From: Dale Beals <email@example.com>Subject: Strategy for entering the marketDate: January 19, 2010 10:13:46 AM CST
Dear Clients,As you know, I’ve been viewing the market with much skepticism for the last half of 2009. If you haven’t done so, please take a look at the email comparing the S&P 500 over the last 3 years with the Justin Mamis diagram of market sentiment-driven cycles. That will show you why I’ve been concerned.But, it’s time to fish. So, you will see me invest around 10-20% of your portfolio each month, thus dollar cost averaging into the market during 2010. If we have a big drop, we’ll take advantage of that through dollar cost averaging. If the market keeps going straight up, we’ll have some money invested.If you have any questions, please give me a call.Dale
From: Dale Beals Financial Wisdom
Subject: Seasons Greetings
Date: December 17, 2009
Dear Clients and Friends,
From: Dale BEALS Financial Wisdom LLC <firstname.lastname@example.org>Subject: Fwd: bloomberg articleDate: November 18, 2009 4:02:54 PM CST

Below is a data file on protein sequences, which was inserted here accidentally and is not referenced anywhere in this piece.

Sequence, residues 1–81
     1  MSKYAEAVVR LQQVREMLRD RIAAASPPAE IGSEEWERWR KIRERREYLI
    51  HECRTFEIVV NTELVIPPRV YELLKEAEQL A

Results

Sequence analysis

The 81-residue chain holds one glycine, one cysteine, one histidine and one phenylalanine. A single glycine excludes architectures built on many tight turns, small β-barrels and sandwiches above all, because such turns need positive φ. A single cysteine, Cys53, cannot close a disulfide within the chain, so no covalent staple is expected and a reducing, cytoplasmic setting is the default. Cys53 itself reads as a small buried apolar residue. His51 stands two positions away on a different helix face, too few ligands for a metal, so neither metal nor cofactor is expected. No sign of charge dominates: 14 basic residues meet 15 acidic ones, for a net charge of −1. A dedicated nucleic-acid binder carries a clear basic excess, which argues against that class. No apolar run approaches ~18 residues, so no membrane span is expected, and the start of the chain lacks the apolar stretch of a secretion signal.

Dear client and friends,I thought you would enjoy the attached article from Bloomberg Magazine talking about the changes in the financial industry. Investors are leaving traditional banks and brokerages in droves for independent Registered Investment Advisors…. like us!Thanks,Dale
As you know, we use Morningstar to produce our client performance reports. Until now, you needed to remember a separate web address to reach the web portal for a look at your current portfolios. You also needed to store performance reports as you received them for later reference.
No longer. Now, just go to www.portfoliowisdom.com and look at the menu line across the top of the page. At the left is a link directly to the Morningstar web site. From now on, your performance reports will be available there also, archived for your convenience and later reference.